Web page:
By Rich Kane
By Joel Beers
By LP Hastings
By Dave Barton
By Patrice Wirth Marsters
By Erin DeWitt
By Taylor Hamby
By LP Hastings
Photo by Keith MayThere are nearly three million stories in Orange County, more if you throw in Long Beach. Regrettably, the writing of one storyteller is already fading from memory: Gary Tomlinson's. A Fullerton poet and noise artist, Tomlinson was nearly iconic in the Orange County poetry scene for more than 15 years until his recent death at 50. His work was dense, philosophical and cerebral, measuring the value of life in Harley-Davidsons, dead possums, sex and bloodletting.
His work was also—like the local poetry scene itself—ephemeral. It turns out his publications were rare; even by the local platinum status of a chapbook—a cheaply photocopied, stapled collection of poems—Tomlinson was nearly invisible.
I bring this up because of the recent and welcome release of two real volumes of local poetry. Incidental Buildings & Accidental Beauty is an anthology of Orange County and Long Beach poetry; The Big Damn Poetry Slam CD collects most of the winners of this year's Long Beach/Orange County Poetry Slam. (Full disclosure: I appear in both and plan to retire to the Caymans off sales of the free copies I received in payment.) Tomlinson appears in neither; so let's say that his absence ought to remind us to record our artists' achievements before it's too late.Incidental Buildings & Accidental Beauty, published by Tebot Bach, a non-profit organization dedicated to promoting poetry in Orange County, collects into a single volume the poems of 57 Orange County and Long Beach poets. A few of these poems would have survived in any case—Charles Harper Webb, Gerald Locklin and Robert Peters are already well-published and acclaimed. But most of these writers are completely unknown, even to poetry insiders. That makes the book not only an important historical document, but a collection of surprises. In newcomer Buffy Shaheen's "Situ Lay Dying," the poet extends food metaphors into an elegant conceit. "Dance once more with the naked eggplant/So, I can see the swirl of the babaganoosh/Under the olive oil moon." Others are more raw, such as James Michael Warren's bizarre homage to people dreaming of a better life, "In the Outhouse": "Whitey jerks off/While staring at a lingerie ad," he writes. "Sara scans a theater review/And attempts to project herself/Onto a stage where drama/Doesn't leave bruises."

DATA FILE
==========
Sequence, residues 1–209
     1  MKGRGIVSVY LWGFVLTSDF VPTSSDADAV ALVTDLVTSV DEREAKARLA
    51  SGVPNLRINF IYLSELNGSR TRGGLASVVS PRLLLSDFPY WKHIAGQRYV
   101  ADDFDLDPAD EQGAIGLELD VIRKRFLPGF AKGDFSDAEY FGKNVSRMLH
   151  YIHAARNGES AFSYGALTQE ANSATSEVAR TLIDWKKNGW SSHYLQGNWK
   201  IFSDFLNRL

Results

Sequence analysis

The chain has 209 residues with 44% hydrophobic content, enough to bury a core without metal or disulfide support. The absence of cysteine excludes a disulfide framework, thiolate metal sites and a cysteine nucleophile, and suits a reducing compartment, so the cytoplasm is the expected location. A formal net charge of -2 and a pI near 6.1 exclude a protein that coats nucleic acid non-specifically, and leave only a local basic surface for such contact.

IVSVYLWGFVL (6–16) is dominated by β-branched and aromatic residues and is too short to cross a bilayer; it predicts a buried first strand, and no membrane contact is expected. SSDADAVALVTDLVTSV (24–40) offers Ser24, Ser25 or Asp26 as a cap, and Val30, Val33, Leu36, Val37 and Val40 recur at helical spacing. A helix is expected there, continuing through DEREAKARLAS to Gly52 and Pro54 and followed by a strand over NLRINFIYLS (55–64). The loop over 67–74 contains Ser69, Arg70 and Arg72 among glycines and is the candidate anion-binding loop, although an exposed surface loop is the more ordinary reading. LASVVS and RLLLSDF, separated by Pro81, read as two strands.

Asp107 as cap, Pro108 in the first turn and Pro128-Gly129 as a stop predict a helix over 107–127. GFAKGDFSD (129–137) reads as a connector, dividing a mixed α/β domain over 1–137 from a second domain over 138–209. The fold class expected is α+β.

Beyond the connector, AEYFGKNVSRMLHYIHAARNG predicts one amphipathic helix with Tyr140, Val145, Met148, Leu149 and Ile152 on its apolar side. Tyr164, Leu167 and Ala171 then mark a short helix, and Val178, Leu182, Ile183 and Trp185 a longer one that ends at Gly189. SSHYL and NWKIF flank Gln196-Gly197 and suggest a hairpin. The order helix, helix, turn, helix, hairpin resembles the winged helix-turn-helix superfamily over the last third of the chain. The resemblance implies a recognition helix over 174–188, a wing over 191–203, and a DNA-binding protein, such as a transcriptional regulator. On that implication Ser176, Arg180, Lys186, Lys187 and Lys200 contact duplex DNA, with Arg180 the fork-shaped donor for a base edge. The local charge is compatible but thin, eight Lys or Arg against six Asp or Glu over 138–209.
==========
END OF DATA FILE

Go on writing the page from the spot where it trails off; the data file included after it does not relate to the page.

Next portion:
This is a melancholy book, rife with personal loss and the emptiness of land development and materialism, and a sense that what makes each person unique is somehow being lost. "How I feel is all I am," writes Huntington Beach's Charles Ardinger in the poem "Six Point Zero." "The creatures fathoms below autophosphoresce,/Not speak . . . I'm a verb not alive." Daniel McGinn ponders the suicide of young Newport Beach poet Misty Mallory (whose work also appears in this book), stating plainly, "How strange a world/that our children wouldn't rather stay/than go."
It's a question that might be asked of the county itself. Taken together, these poems are likely to lead you to the conclusion that there is something dead inside "vibrant" Orange County, hollowness that its wealth and good weather cannot conceal. But while the despair and longing in this book are undeniable, they're balanced by a sense of inherent hopefulness, a feeling that the world can be something better—or as Derrick Brown puts it, "And the children giggle and listen and realize, that some broken down machines/can always spin again."
Like the anthology, The Big Damn Poetry Slam CD anthologizes a wide variety of poets performing in the greater Orange County area, although to be a fair quite a few are from LA. In a lot of ways, the CD mirrors the anthology, not just in terms of authorship (the CD and the book share several poets, including Hope Alvarado, Derrick Brown and Michael Paul) but in terms of themes: As with Incidental Buildings, there's a feeling of malaise in the poet's Orange County. Alvarado describes the emptiness of her corporate job, where she sleeps in hotel rooms and works with strangers, contrasting that with the bizarre take-off and landing procedure at John Wayne Airport, describing the sudden sinking feeling when the engines cut off over Newport Beach.
If anything, the CD's poems are perhaps more personal, the loss and disjointedness shown to spiral even further back in origin. For example, Ben Porter Lewis, in a piece entitled "Exile (at the point of no return)," discusses the madness of his childhood in Vietnam, and his half-African-American, half-Vietnamese heritage. "Saigon boys don't cry," he says, but of course we know they do. Likewise, in the heart-rending "The Hollow Cost," Rachel Kann admits that her cigarette smoking stems ironically from a fear of fire, which (in turn) stems from her people's destruction at the hands of the Nazis. "Guess it's all part of being a Jew," she says. On the page, it's glib; on the CD, it's brutal.
What rings false in most media accounts of life in OC is the smug self-satisfaction, the implication that this Orange County is as good as life gets. Back in December 1999, for instance, Orange Coast Magazine ran a series of essays by OC community leaders, reflecting on the county's future. Most contributors—predictably—indicated that we live in heaven on earth; a few implied that Orange County's ills can be corrected by more development—bigger roads, a second airport. Then-county CEO Jan Mittermeier went so far as to liken the place to Disneyland.